Sticker Shock: The National Debate Over Specialty Drugs

For patients diagnosed with serious health conditions and rare diseases, specialty drugs are often considered their front-line defense. But the results come at a price.

There’s a battle brewing in America over a class of medication that some claim is pushing spending on prescription drugs to unsustainable levels. Although they can produce life-changing medical results, these ‘specialty drugs’  can come with six-figure price tags.

For patients diagnosed with serious health conditions and rare diseases such as cancer, hepatitis C, hemophilia or multiple sclerosis, to name a few, specialty drugs are considered their front-line defense. But their results come at a price—from thousands of dollars annually to hundreds of thousands.

The debate over specialty medication prices flared yet again this summer over Spinraza™, a new drug used to treat spinal muscular atrophy—a rare and often fatal generic spinal disorder. The manufacturer price for Spinraza is causing widespread sticker shock: $750,000 for the first year of treatment and $375,000 thereafter.

When properly managed, specialty products can be an important component of high-value health care.

New U.S. Food and Drug Administration chief Scott Gottlieb, a physician and a cancer survivor, expressed concerns over the prices of some prescription drugs before a congressional subcommittee recently. “Simply put, too many patients are priced out of the medicines they need,” Gottlieb said.

Pharmaceutical companies argue that specialty medication prices are driven by market demand and the need to recoup research costs and to fund other drug-related innovation. And while they represent only a fraction of the $450 billion spent nationally in 2015 for all prescription drugs, specialty medications are the fastest-growing segment of that spend, according to the Blue Cross and Blue Shield Association.

According to the Association’s Health of America report, total spending on the top 15 specialty drugs among Blue Cross and Blue Shield plans nationally rose to $18.4 billion in 2014 — a 26 percent increase from the previous year. Nationally, spending on specialty drugs could quadruple by 2020 to about $350 billion, according to the report.

Health insurers typically cover more than 98 percent of prescription drug costs for people who need more than $100,000 in medicines per year, the BCBSA said. While the national debate continues over how to determine equitable costs for drugs that can bring life-changing results, insurers are working to help ensure the appropriate patients receive the appropriate drugs.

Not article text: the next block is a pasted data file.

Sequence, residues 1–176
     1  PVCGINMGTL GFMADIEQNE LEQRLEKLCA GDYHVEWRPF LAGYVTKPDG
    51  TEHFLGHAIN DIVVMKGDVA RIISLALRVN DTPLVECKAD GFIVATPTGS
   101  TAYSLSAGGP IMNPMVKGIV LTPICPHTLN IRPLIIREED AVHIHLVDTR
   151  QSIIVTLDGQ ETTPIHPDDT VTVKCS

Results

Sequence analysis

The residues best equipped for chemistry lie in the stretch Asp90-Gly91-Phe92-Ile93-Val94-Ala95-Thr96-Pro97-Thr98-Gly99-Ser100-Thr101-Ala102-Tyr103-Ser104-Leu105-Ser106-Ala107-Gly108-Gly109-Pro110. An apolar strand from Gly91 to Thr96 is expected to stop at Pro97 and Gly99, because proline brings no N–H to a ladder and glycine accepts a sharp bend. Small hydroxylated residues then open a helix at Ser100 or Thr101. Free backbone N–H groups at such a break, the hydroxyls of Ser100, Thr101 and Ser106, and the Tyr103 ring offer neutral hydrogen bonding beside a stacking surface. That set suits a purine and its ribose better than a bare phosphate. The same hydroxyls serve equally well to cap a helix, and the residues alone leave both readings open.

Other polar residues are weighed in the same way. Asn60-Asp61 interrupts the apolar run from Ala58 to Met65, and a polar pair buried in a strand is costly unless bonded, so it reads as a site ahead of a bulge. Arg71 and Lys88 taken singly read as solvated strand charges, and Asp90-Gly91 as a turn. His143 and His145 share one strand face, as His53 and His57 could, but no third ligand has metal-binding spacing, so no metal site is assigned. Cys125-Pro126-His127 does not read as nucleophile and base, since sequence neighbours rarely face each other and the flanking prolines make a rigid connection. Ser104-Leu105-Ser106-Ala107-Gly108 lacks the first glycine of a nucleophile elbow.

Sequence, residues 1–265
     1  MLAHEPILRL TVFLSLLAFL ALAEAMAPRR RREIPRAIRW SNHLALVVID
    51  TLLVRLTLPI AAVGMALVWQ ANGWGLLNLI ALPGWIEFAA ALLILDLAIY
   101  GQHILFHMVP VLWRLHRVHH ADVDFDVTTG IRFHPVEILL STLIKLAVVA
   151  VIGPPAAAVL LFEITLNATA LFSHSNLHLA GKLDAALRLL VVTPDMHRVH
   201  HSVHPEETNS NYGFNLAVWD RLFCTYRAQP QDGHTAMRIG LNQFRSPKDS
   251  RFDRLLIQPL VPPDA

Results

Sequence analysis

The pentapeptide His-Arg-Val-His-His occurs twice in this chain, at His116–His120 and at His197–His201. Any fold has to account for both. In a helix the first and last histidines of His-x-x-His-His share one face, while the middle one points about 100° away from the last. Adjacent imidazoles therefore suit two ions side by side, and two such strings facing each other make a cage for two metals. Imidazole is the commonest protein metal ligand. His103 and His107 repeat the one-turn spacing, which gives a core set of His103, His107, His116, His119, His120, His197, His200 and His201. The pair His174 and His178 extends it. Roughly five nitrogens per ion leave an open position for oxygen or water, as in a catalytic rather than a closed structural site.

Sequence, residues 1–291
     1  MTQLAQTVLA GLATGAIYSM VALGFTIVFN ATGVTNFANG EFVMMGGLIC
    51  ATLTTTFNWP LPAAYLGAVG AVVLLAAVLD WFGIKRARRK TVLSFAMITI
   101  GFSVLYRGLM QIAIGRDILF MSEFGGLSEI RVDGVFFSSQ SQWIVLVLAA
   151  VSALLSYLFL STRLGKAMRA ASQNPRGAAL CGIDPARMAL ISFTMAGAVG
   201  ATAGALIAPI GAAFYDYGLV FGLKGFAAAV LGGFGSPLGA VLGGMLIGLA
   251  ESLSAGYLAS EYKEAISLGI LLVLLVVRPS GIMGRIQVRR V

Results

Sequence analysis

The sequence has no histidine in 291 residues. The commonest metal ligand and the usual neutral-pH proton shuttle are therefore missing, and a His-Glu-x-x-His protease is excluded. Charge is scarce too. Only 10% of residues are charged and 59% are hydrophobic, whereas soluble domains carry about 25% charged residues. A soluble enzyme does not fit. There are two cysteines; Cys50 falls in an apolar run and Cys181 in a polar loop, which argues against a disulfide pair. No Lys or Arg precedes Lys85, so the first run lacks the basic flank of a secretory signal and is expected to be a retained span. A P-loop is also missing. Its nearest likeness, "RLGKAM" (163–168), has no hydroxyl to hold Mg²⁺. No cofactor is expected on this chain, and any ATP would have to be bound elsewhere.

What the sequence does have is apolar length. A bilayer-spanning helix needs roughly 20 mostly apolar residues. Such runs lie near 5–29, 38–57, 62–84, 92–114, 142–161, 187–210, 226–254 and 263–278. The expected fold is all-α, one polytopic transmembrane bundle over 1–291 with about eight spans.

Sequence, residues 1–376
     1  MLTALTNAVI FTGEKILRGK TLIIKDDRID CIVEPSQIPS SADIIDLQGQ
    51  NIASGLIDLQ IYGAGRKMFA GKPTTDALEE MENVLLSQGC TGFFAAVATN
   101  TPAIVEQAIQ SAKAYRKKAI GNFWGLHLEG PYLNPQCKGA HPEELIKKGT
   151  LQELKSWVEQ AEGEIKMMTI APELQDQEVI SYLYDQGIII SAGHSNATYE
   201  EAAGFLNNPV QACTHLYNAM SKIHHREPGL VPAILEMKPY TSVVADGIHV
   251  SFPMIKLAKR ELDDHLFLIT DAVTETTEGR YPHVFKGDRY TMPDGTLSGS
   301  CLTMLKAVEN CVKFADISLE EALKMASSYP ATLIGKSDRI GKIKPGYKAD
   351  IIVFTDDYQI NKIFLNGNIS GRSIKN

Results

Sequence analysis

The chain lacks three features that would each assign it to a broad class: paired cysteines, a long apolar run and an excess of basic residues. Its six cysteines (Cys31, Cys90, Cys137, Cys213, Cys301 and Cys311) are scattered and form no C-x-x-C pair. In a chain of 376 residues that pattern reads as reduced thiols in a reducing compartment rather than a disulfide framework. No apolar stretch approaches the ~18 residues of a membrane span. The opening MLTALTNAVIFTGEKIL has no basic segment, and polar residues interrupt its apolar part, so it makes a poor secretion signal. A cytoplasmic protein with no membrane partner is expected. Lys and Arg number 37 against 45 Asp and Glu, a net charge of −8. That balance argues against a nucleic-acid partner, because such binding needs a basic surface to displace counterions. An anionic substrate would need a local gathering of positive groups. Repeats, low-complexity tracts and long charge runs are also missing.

“Although expensive, when properly managed specialty products can be an important component of high-value health care,” said Dr. Matthew Fontana, senior vice president and chief medical officer of pharmacy for the Blue Cross and Blue Shield Plans in Illinois, Montana, New Mexico, Oklahoma and Texas. “Maximizing this value requires careful planning and integration of services across both the medical and pharmacy benefit.”

Planning and integration of services is especially critical when it comes to rare diseases. The National Organization of Rare Diseases estimates 30 million Americans—1 in 10 people, most of whom are children — are affected by one of 7,000 rare diseases. The drugs used to treat these diseases are often called “orphan drugs.”

Until today, the number of orphan drugs submitted for regulatory approval to the FDA was slow and measured. Submissions for new drugs are now at an all-time high, representing 41 percent of the drugs the agency approved in 2016, including Spinraza. The drugs carry a large price tag.

“With Spinraza, we may have hit the tipping point in costs,” Dr. Fontana said. “There are only so many resources to go around. The question for the health care industry becomes, ‘What’s a fair price?’ Until that is determined, we are focusing on working with our provider networks to control costs.”

Patients receiving specialty drugs may help control costs by deciding where to have the drugs administered. Dr. Larry Kosinski of the Illinois Gastroenterology Group said, for example, patients receiving the specialty drug Remicade for Crohn’s disease — a chronic inflammatory bowel condition — may save up to $100,000 annually by having the drug administered in a doctor’s office instead of a hospital outpatient facility.

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